Allegri has left. Kovac could yet leave. And many would not have been shocked if Valverde and Tuchel had been asked to leave. That's four title winners from the Big 5 leagues. Kinda extraordinary. Game has changed.— Gabriele Marcotti (@Marcotti) May 20, 2019
It’s possible, of course, that Allegri just fancies a bit of a rest before the Manchester United job comes up again, but the other three have all underwhelmed in one way or another, even as they picked up their trophies. Their league titles, lest we forget. Their official certificates of being the best in the country. Shankly’s bread and butter.
The spectre of Europe looms large here, particularly for Tuchel and Valverde, who both oversaw hilarious/humiliating implosions in the Champions League. That made two in a row for Valverde, who now stands accused of one of football’s most egregious crimes: wasting Lionel Messi.
Kovac’s Bayern were knocked out by Liverpool in more straightforward fashion, but they were still gone before the last 16: that’s not very FC Hollywood. Nor too that strange beginning to the league season, with back-to-back losses against Hertha and Borussia Mönchengladbach. And Kovac suffers generally from being having been a bit of a left field appointment, at a bit of an odd moment, and taking to the job … fine. Maybe OK? Well enough. All words which leave plenty of space for: could be better.
Obviously City won’t be moving Guardiola on any time soon, not after modelling the entire club around his particular needs. They have a scouting department that exists only to deliver Guardiola players for the present and the future. Every seat in the Etihad stadium is molded to perfectly fit his saintly buttocks. And at some point this summer, club officials will take Mikel Arteta aside for a quiet word, and he’ll return to public life entirely bald. He will not be taking questions.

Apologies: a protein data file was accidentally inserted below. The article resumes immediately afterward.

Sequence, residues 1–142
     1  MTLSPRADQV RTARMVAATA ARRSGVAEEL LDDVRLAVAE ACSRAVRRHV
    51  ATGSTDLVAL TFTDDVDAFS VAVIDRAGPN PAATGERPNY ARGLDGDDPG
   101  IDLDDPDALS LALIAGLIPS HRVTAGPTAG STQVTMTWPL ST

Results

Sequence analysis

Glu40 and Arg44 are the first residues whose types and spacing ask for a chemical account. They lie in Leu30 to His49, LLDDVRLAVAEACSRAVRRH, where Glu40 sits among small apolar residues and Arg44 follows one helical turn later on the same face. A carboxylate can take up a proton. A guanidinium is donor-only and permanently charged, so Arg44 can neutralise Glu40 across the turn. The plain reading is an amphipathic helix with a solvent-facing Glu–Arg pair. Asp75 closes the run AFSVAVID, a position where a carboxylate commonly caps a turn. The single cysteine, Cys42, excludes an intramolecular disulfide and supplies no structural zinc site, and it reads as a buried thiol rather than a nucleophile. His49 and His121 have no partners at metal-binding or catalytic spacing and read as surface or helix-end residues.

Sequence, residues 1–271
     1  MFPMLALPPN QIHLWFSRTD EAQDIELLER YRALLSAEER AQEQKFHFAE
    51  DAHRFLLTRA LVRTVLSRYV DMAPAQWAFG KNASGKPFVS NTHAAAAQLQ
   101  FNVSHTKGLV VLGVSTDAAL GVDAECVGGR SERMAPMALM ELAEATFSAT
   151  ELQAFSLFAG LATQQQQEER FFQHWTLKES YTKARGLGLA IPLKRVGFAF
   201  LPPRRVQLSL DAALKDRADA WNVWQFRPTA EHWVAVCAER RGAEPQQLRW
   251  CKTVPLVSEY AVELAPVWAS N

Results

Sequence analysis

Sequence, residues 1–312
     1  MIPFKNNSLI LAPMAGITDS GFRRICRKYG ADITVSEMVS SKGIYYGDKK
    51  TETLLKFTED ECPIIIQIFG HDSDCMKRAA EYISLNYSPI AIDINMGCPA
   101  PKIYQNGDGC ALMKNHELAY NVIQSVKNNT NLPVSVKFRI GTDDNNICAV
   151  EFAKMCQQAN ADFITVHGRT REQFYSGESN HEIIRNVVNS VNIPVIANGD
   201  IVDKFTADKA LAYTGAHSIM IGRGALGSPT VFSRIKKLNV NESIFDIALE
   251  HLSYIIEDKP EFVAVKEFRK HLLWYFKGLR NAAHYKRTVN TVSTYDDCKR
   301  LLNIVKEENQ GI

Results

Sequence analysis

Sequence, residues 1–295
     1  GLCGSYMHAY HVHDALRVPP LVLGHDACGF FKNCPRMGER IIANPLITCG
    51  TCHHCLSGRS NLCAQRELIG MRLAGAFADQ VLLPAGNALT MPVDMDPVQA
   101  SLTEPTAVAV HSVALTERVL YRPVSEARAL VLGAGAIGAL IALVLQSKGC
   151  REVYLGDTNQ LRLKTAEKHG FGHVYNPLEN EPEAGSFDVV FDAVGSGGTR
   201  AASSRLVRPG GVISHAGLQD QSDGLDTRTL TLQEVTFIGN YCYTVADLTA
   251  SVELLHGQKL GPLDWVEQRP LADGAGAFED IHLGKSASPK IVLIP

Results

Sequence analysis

Yet even Guardiola has been musing this week that his City, this 100 point-getting domestic treble-winning juggernaut, “will be judged at the end on whether we win the Champions League.” He may only be speaking for himself, but that is telling enough: he, after all, knows his performance review targets better than anybody else.
There is, perhaps, a delicate irony here. These are the clubs that have best weaponised their huge piles of money, and they’re obsessed with the one trophy that is most vulnerable to football’s occasional eruptions of weirdness. City survived their 3-2 Premier League loss to Crystal Palace because they had 37 other games and they knew that most of them wouldn’t be even slightly weird. But a few moments of explosive oddity against Tottenham, and the Champions League was gone.
On the other hand, the attitude of the super-rich towards delicate, inconvenient ironies is to throw more money at them and see if there’s any way to make them go away. Plans to spend millions of euros on new players are already in motion; plans to render the Champions League a closed shop are being discussed, if not universally welcomed.
And of course, it seems likely that all five teams will be favourites to retain their titles next year, no matter who’s in the dugout, nor how little their victories please anybody.
Save us, Real Madrid, Liverpool. You’re our only … wait, no. That doesn’t sound right at all.